Keeping in mind these emphases of Deuteronomy, we can grasp the liberative dimension of Jesus’ words in Matthew 26:11, “you always have the poor with you.” After an unnamed prophetess anoints him to be ruler of God’s kingdom, Jesus responds by quoting to his disciples from Deuteronomy 15:11, which is embedded in one of the most radical Sabbath and Jubilee prescriptions in the Bible. Deuteronomy 15 says that there will be no poor person among you if you follow the commandments of God: to forgive debts, release slaves, and lend money even when you know you won’t get paid back. But Deuteronomy 15 also says that because people will not follow those commandments, there will always be poor among you.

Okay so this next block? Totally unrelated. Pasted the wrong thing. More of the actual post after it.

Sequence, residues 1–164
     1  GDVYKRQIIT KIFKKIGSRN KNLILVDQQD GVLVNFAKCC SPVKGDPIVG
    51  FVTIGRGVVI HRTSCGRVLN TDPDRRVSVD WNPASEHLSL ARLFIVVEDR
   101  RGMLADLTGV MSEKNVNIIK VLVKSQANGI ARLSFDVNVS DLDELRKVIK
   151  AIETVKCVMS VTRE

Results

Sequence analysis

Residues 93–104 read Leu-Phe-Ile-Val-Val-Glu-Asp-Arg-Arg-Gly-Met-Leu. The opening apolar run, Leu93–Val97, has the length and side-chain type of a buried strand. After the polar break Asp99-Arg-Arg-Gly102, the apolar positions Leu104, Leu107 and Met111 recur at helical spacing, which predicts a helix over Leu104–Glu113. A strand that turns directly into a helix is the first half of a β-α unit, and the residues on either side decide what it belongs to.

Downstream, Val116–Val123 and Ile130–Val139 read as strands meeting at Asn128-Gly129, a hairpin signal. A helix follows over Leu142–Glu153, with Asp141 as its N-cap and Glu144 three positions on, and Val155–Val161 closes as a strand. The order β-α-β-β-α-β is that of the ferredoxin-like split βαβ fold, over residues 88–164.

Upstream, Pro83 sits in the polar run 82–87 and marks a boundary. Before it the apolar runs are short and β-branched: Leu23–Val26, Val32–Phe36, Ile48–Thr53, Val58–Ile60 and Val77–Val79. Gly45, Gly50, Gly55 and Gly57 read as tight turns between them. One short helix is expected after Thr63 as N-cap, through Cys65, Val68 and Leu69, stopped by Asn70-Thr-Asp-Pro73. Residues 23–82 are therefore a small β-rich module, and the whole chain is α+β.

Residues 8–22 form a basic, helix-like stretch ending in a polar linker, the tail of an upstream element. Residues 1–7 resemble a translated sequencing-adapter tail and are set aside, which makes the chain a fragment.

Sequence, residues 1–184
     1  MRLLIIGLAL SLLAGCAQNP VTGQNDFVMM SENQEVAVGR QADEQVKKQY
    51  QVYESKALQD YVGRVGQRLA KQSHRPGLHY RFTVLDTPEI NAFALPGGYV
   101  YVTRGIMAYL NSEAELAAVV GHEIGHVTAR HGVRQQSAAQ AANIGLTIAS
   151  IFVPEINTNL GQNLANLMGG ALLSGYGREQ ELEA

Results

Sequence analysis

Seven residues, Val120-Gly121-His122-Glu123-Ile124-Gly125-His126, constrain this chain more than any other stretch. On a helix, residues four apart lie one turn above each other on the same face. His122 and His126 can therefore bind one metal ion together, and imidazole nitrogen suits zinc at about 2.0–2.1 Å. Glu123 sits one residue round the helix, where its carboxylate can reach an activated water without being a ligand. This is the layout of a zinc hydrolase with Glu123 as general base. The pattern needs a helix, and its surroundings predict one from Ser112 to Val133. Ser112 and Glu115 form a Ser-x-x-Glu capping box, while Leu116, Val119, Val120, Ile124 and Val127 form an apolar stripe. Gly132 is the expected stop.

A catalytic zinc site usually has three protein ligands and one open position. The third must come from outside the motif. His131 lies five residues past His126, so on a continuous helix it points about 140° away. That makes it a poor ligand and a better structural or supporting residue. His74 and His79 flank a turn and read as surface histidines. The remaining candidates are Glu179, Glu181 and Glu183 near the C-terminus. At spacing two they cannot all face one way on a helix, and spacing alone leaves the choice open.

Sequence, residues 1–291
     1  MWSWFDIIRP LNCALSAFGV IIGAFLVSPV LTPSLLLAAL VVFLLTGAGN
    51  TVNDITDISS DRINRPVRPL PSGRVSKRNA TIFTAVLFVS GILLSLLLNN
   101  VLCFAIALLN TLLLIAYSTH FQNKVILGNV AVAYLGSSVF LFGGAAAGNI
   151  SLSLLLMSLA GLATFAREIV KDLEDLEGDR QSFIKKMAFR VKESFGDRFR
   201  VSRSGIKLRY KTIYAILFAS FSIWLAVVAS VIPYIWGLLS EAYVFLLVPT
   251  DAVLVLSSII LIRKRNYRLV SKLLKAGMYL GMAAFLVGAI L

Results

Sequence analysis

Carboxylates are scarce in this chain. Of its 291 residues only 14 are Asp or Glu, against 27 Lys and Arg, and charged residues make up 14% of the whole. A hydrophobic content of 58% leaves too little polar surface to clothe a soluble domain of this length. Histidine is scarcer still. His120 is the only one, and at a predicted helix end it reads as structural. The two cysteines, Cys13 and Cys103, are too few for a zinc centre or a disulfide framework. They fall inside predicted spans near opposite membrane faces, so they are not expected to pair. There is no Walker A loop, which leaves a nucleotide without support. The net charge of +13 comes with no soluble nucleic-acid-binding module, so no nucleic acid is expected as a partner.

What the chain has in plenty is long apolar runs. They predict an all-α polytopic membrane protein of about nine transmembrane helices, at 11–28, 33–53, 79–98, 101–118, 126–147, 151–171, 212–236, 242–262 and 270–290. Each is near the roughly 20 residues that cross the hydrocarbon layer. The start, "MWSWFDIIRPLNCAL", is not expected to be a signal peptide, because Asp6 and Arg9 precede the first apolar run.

When Jesus quotes this phrase, he isn’t condoning poverty. He is reminding us of Deuteronomy’s message: that God hates poverty and has commanded us to end poverty by forgiving debts, by outlawing slavery, and by restructuring society around the needs of the poor.Therefore, Jesus’ words are a critique of empire, charity, and inequality. Rather than stating that poverty is unavoidable and predetermined by God, he says that poverty is created by human beings—by their disobedience to God and neglect of their neighbor. Matthew 26:11 does two things: it refers to people’s failure to follow God’s law and commandments, and it instructs us on how to establish a reign of prosperity and dignity for all. In God’s kingdom, there will be no poor because poverty (and perhaps wealth?) will not exist.
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